Australia hit back for five-run win
Australia 9 for 217 (Bailey 56, Broad 3-31, Stokes 3-43) beat England 212 (Root 55, Coulter-Nile 3-34, McKay 3-37) by five runs
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Brilliant for much of this summer, Australia settled for simply being the lucky country on their national day, as a fortuitous moment at the pointy end of the final ODI effectively handed the hosts a fourth limited-overs victory out of five over England and a ninth from 10 encounters including the Ashes clean sweep.
In a scrappy contest dictated largely by the sluggishness of Adelaide Oval's drop-in pitch, Australia posted a mediocre total but defended it grandly against an England team who threatened to take control at several stages of the chase but could never quite manage to wrest command of the evening.
Alastair Cook, Joe Root and Eoin Morgan all contributed useful scores to take England close, but it was left to Ravi Bopara to try to take his team to a second win in a row. He seemed likely to carry them there, until falling victim to a most unfortunate end, as Matthew Wade's fumble behind the stumps bounced back onto the leg bail with the batsman's foot barely raised.
The Australians celebrated their win raucously and fittingly - it was one more moment of joy in a summer brimful of them, while England rued the swings of outrageous fortune that inevitably seem to go against the side to fall behind. The hosts owed much to Nathan Coulter-Nile, who delivered perhaps his best and most disciplined spell for Australia, before Clint McKay gave nothing away in the closing overs.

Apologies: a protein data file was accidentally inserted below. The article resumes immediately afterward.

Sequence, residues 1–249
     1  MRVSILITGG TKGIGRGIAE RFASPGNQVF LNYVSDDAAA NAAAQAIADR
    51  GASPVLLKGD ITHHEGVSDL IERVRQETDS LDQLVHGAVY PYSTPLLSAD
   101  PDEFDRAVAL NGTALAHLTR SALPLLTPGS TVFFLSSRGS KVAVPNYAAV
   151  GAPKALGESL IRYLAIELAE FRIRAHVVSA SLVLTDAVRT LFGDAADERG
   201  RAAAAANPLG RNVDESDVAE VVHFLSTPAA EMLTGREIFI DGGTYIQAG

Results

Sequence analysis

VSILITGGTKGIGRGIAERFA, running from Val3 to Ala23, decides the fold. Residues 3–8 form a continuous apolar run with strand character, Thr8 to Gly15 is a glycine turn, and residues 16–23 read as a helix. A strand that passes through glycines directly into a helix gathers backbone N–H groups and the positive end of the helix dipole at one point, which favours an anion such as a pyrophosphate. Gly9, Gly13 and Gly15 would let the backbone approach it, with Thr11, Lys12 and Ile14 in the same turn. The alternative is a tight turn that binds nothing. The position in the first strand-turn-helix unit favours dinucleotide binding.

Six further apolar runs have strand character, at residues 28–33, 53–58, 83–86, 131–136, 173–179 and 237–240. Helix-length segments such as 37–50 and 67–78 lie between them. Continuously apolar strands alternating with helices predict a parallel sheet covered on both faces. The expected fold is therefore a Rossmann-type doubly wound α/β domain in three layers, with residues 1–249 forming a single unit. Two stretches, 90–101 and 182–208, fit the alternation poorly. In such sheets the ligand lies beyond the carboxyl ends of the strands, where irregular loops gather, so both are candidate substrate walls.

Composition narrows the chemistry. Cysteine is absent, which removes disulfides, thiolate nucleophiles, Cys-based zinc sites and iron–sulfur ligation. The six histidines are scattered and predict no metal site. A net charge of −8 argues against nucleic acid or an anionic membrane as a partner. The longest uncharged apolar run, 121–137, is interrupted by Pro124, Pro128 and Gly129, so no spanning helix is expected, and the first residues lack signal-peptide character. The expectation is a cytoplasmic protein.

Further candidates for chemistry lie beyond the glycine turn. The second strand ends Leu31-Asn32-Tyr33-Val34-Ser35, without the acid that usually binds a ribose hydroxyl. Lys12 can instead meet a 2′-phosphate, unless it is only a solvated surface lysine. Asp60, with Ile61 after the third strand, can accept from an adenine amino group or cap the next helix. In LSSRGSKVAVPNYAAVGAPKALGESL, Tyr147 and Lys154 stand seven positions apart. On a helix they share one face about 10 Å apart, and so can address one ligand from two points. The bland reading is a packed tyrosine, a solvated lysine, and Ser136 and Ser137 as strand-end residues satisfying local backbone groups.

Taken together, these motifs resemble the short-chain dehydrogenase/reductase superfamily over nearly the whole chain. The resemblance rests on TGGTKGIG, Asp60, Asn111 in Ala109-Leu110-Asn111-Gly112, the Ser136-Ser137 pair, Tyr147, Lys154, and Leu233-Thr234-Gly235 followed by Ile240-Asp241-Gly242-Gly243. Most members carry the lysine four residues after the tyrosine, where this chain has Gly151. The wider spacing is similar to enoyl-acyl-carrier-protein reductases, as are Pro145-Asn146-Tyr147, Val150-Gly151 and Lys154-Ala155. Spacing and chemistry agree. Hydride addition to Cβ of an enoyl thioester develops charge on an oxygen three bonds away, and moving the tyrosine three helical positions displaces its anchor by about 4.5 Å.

James Faulkner also bowled well despite complaining of knee soreness earlier in the day, while Shaun Marsh may be under his own fitness cloud having left the field midway through England's chase. Aaron Finch was the beneficiary of two dropped chances in the afternoon but was beaten for pace by a revved up Stuart Broad, before Shane Watson, Michael Clarke and Shaun Marsh all perished to loose strokes as they tried to raise the hosts' run rate.
The remainder of the innings was a struggle despite the best efforts of George Bailey, the only batsman to pass 50 in the face of a diligent England bowling line-up. Broad's pace and direction showed the way for his colleagues, while Ben Stokes, Tim Bresnan, Chris Jordan and James Tredwell also delivered sturdy spells.
Ian Bell and Cook began smartly, until the difficulties posed for shot-making on a decidedly slow surface began to rear. Bell tried to drive on the up and was taken at mid-off. Stokes' attempted pull shot was not middled and settled in the hands of midwicket. Then after a partnership with Root that hinted at success, Cook himself mistimed to short cover.
Root showed admirable composure on his return to the team, unhurried and unflustered while building another stand with Morgan. At 3 for 154 they were close to breaking the back of the chase, only for Morgan to follow his predecessors in perishing to a lofted stroke, this time finding Shane Watson at mid-off from the bowling of James Faulkner.